This quilt shows a barrel racer at a rodeo -- the rider is racing around one of three barrels, in a contest to make the loop in the shortest amount of time. I loved doing this quilt because it showcased a woman in a rodeo competition. I made it to represent my local "Go Texan Rodeo Committee" at the Houston Livestock Show and Rodeo. It managed to help garner a $10,000 scholarship for a local student - and that's what I call a win-win situation!

I made this quilt back in 1992 to celebrate the 500th anniversary of Columbus' voyage to the New World. It was only the second pictoral quilt I'd ever made. I had always wanted to find a use for a "cartouche" (that scrolly-frame around the ships and Columbus) in a quilt, and this quilt seemed to beg me to use one. Notice the three gold stars in the upper left. They are gold lame' fabric. I was invited to have some fabric flown onboard the Space Shuttle Columbia in 1992, so these stars spent a lot of time on their own voyage; they traveled 5.7 million miles and completed 221 orbits of the earth. This quilt holds invaluable memories of the years I worked for NASA.

This quilt was really a "practice" piece for me. I have always wanted to make a pictoral quilt of my children - but I know that I need to work on technique first. This was my attempt to work on technique.

"Apple of My Eye"
And finally, here is a pictoral quilt of my 3-year old grand daughter. When I made the quilt, she was actually carrying a bucket of seashells down at the beach, but my local quilt guild had challenged everyone to make a quilt with a "fruit" theme. Hence, she suddenly started carrying apples (or so it seems!). I promise to reshoot the picture and replace it with a larger one at some point...

Okay - that's enough posting for me for now. I'll post some precision-pieced quilts in a few days. Happy stitching to everyone!


(c)1992-2008 Susan H. Garman

Thursday, January 10, 2008

Feathered Stars!

I absolutely LOVE feathered stars! They have never been easy or fast blocks to make - but I finally sat down, drew out a pattern that I could make using paper foundations... and voile! This quilt is one of the ones that I will be teaching at the Quakertown Quilts retreat down on Galveston Island. It will be a fun retreat - and Quakertown always makes sure there are plenty of chocolates on hand to keep us smiling.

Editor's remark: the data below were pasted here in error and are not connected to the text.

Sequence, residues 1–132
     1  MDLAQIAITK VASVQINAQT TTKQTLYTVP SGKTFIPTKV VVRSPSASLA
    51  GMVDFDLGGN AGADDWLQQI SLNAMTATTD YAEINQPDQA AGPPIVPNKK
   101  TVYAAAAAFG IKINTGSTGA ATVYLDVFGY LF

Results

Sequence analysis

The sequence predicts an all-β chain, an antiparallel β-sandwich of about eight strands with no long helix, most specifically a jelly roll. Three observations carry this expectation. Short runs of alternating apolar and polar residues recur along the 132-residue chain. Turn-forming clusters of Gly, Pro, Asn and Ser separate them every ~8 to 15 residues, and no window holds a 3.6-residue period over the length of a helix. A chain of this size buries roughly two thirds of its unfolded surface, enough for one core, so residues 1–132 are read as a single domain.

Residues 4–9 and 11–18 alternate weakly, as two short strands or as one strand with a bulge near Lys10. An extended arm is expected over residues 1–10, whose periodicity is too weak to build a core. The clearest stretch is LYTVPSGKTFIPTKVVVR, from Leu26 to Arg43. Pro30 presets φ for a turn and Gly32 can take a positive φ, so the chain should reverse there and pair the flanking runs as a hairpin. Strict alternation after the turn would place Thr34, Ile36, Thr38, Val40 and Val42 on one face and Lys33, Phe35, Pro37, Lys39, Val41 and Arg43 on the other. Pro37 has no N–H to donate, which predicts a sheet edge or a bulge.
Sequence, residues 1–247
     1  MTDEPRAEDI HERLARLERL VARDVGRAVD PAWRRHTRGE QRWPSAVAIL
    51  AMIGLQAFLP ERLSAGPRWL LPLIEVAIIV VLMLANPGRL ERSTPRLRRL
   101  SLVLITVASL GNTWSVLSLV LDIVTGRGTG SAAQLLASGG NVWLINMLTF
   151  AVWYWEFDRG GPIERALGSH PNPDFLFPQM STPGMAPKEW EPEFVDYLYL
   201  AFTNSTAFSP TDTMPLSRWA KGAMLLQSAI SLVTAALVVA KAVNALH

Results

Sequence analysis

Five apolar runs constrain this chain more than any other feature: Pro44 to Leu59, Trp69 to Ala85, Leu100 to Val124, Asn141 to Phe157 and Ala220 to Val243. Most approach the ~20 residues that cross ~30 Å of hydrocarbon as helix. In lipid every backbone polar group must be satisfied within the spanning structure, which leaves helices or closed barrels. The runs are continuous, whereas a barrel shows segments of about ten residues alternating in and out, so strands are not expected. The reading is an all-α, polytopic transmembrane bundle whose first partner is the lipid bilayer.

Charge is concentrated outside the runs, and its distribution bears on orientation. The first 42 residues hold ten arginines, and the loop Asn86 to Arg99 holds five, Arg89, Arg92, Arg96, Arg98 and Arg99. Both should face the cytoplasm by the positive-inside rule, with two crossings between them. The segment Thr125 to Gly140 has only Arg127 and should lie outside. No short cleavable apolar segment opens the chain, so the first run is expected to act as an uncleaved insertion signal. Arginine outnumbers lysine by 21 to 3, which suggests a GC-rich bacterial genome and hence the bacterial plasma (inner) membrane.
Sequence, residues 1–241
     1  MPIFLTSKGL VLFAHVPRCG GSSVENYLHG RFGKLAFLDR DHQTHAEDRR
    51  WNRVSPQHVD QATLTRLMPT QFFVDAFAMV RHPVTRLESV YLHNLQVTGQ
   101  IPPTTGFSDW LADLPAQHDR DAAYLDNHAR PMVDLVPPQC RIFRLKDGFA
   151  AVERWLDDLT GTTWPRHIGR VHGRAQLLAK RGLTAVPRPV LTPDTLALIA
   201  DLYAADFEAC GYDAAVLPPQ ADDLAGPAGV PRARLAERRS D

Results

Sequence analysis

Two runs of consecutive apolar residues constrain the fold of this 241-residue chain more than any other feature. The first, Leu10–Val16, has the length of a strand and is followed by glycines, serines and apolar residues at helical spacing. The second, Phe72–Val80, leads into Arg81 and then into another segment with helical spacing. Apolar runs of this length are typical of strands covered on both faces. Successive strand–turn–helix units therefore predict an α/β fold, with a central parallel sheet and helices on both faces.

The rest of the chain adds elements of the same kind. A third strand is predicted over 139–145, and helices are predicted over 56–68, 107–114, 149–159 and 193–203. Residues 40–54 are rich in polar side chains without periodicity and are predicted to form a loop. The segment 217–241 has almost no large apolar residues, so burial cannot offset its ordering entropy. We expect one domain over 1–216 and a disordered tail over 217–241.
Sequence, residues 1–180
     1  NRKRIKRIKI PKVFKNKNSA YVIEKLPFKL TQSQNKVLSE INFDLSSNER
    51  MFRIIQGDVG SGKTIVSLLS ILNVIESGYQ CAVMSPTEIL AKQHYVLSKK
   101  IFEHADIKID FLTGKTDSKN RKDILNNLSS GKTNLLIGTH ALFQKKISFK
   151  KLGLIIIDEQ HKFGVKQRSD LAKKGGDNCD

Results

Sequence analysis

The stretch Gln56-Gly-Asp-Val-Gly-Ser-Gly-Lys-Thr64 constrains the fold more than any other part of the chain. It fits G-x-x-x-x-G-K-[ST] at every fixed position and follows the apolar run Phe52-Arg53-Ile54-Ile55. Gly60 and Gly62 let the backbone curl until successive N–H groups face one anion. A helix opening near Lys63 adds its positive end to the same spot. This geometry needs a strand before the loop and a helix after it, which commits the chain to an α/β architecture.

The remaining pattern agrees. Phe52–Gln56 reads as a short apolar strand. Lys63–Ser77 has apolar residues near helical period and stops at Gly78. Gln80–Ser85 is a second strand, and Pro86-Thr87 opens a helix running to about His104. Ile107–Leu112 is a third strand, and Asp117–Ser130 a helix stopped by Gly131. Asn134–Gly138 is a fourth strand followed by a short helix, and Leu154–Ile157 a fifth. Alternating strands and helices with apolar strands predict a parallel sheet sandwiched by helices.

Here is the feathered star that will be made in the workshop; there are four of them in the finished quilt:

Sue's Feathered Stars (c)2008 Susan H. Garman

I don't know what it is about feathered stars that makes them so attractive - but I suspect it has something to do with all of the triangles, which make our eyes dance across each block.

I'll be posting more later on - happy stitching!


Wednesday, January 9, 2008

Daisy's Quilt

Happy New Year to everyone! For me, the new year is a great time to pause and reflect on the past before setting new goals. My husband and I often remark on how blessed we are: good health, good friends, a wonderful family, and faith that sustains us. I wish everyone was able to experience the joy we have found in life. I've been thinking about goals for the coming year - I always establish a few, but so far I haven't decided on this year's set. Maybe it's just too soon to focus!

In the meantime, I managed to finish a quilt top for one of my grand daughters, Daisy. At one year old, she's an angel full of smiles and contagious giggles. My daughter asked me to use my Mother Goose & Friends fabric (from P&B Textiles) for the quilt, which I did. Sometimes the simplest quilts end up being the cutest, don't they? This quilt was a hit with Mom and Daisy - and is set to be quilted next week.

"Daisy's Quilt" (c)2008 Susan H. Garman

Over the holidays, I spent a lot of time just quilting, reading, relaxing, cleaning, and "nesting." I hope you all know what nesting means; for me it means making the place I call home "new" again: a fresh coat of paint, a couple of repair jobs, cleaning out a couple closets, a bit of deep cleaning, some rearranging of things... these all work together to freshen up the house. One of my hopes for this year is to really work on my sewing room. It's a mess! So somewhere in the goals for the coming year... there will likely be an overhaul of my "studio."

Another goal for the coming year will surely be revamping my website. It had not been touched for so long that I recently scratched the whole site and now just "point" to this blog. Blogs have a place in the world, but they are not the best venue for everything: they are not the greatest forum, for example, to display galleries of quilts or "how to" instructions. So... until I get my website up and running again, I will be posting photos of quilts on my blog - some recent ones, but also some quilts that I made years ago. Just posting a few a week will take me well over a year! So come back often and see what I've done in the past, what I've completed recently... and where my goals are going to lead me!